Hal Elrod: And one of the things you and I talked about before we started recording was that I believe and I know you agree that we’re all addicted to something at some level. And I’ve personally wrestled with different addictions throughout the years, and many of them are not even aware of their addiction because there’s no immediate pain being caused, right? It’s like, no, I think food’s a great example. People were addicted to unhealthy foods, preservatives, GMO foods, sugar, etc. And because there’s no immediate threat, it’s like, yeah, yeah, I had a burger and pizza and ice cream today, and I feel fine. But those addictions literally are what lead to disease and cancer and all of those things. So, I want to unpack a little bit about addiction.
I also want to share one addiction that I’ve overcome that I’ve never shared publicly. And I thought, what better time than talking to Jesse today? When I was going through cancer, I was given, they threw the kitchen sink of prescription meds at me, of course, for everything. I wasn’t sleeping, I was experiencing extreme insomnia, so they gave me Ambien and they gave me Lunesta, I think, and they gave me all these different prescriptions, Xanax, they tried it all, and none of it worked. And so, what I ended up doing is turning to cannabis and oil, so I didn’t have to smoke it, I didn’t want to mess up my lungs. So, I took oil capsules of cannabis.
But I got to the point, and I think, probably, this number will mean something to you, but it was 40 mg a night to go to sleep. And if anybody is familiar with that number, like if you’ve never done cannabis and you do like two, three, four, or five milligrams, you’re going to be a zombie. I was up to 40 mg every night for about two years. And of course, I would do it again in terms of choosing that between prescription medication, but yeah, that was an addiction. But finally, after two years, I was like, hey, this probably isn’t healthy to keep doing this. And I feel like that it’s contributing to anxiety and all sorts of different issues that I was facing, but talk about the FEARS Toolkit. You just mentioned this a second ago, you said that you modeled the SAVERS with this acronym FEARS. And the FEARS Toolkit is a big part of what you teach in the book for people to help them overcome addiction. What is the FEARS Toolkit?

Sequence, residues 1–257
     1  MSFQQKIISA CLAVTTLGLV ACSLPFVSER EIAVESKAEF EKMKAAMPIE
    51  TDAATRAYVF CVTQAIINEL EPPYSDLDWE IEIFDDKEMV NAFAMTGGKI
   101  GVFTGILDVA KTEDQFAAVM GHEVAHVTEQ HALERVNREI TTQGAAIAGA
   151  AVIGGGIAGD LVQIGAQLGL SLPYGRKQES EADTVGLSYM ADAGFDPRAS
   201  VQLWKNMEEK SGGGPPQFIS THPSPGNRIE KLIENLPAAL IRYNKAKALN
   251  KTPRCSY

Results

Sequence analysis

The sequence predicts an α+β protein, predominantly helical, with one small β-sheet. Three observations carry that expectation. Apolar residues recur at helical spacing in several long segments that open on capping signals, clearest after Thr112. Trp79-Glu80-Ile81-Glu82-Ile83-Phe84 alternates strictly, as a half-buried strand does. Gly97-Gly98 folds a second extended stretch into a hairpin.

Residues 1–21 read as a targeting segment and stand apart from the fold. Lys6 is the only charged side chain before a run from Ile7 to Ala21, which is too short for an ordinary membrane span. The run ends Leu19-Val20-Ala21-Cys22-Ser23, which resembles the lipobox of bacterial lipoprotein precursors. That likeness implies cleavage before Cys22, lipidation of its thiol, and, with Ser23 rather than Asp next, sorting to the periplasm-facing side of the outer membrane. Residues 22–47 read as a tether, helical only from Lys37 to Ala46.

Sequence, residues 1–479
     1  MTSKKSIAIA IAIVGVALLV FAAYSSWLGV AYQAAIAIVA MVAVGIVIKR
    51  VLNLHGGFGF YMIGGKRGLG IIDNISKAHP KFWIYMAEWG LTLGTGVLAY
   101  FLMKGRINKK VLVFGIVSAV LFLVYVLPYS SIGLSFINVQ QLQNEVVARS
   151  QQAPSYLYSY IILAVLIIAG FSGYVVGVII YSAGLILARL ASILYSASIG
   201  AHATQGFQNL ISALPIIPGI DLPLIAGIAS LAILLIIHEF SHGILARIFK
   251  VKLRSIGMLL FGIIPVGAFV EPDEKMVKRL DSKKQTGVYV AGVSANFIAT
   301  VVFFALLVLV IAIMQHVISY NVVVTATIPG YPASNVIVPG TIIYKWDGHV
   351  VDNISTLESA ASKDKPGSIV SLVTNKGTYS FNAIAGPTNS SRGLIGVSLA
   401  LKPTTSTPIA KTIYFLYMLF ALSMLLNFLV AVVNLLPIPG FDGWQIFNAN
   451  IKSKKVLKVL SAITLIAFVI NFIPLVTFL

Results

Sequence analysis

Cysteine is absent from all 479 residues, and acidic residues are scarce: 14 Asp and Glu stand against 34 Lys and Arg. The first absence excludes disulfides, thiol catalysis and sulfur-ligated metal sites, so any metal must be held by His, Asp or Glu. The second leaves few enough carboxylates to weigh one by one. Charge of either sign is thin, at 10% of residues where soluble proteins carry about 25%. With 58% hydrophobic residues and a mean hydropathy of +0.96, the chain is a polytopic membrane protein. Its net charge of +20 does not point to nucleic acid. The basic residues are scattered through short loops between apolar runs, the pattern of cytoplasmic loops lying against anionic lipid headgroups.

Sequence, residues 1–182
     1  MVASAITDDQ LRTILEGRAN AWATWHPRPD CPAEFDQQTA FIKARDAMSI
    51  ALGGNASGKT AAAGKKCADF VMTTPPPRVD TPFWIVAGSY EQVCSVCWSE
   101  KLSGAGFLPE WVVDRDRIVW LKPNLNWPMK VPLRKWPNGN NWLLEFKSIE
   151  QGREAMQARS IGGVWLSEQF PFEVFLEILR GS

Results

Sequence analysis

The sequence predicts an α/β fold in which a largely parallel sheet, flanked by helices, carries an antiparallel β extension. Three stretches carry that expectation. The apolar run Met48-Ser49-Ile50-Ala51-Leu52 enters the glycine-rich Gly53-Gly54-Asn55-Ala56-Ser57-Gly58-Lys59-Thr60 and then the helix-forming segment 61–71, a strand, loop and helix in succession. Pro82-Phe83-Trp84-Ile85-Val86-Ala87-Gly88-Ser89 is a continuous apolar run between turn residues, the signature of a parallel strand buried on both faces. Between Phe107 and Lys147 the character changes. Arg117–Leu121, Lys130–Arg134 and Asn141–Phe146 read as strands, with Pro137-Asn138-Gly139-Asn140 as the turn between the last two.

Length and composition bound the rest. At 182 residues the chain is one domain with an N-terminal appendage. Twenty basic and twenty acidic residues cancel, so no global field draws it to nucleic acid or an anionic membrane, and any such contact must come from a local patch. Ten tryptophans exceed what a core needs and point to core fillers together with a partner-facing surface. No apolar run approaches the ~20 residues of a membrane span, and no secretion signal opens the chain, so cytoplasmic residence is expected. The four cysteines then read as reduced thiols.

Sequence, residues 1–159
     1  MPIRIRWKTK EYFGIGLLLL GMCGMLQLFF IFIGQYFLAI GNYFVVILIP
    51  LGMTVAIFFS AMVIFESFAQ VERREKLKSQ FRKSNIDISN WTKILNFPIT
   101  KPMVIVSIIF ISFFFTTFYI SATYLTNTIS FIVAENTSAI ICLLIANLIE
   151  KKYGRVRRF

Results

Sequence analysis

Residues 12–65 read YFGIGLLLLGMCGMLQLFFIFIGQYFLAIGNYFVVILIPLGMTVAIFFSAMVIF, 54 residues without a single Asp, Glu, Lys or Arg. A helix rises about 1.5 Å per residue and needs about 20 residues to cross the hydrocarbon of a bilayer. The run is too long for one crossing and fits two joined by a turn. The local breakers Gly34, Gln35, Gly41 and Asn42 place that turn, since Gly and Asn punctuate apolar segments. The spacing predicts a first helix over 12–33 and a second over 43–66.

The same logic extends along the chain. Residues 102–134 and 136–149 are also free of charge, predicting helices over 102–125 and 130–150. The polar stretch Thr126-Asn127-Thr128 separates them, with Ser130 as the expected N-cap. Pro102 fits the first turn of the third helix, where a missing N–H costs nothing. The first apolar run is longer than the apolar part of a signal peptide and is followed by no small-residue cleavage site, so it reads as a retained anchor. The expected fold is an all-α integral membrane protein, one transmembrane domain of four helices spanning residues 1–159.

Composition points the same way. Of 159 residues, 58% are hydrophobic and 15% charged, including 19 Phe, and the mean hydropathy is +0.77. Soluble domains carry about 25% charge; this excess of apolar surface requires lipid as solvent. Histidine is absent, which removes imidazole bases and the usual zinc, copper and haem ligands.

Jesse Harless: Let me just stop and honor, thank you for your vulnerability. So, I take a moment to read into that because that’s going to help a lot of people. So, thank you so much for being vulnerable and feeling safe to share that. The FEARS Recovery Toolkit, just really high level, focus, elevate, appreciate, resilience, self-care, so focus on your recovery, elevate your recovery, appreciate your recovery, resilience in your recovery, and self-care in recovery. These are kind of the exact pillars that I’ve found that have helped people, whether they’re living at sober living homes, whether they’re in 28-day treatment centers or 90-day treatment centers, or whether they were entrepreneurs.
And so, I learned that there are these elements of focus, which means focus on your recovery, just like you focus on things that are your priority, like maybe it’s your family, but you also want to focus on your recovery. And I’m not talking about from heroin, I’m talking about from emotional addictions to codependency. I’m talking about addictions to yelling and anger. I’m talking about addiction to caffeine. So, these are the things you can start to focus on your recovery. What does that look like? Building your recovery team. So, getting people on your team that you trust, people that you have authentic, genuine relationships with that you can share and they’re not affected by your sharing about your addiction, so finding those people. They might be people you find in different types of 12-step groups. So, they may be a mentor or a sponsor or a really close friend.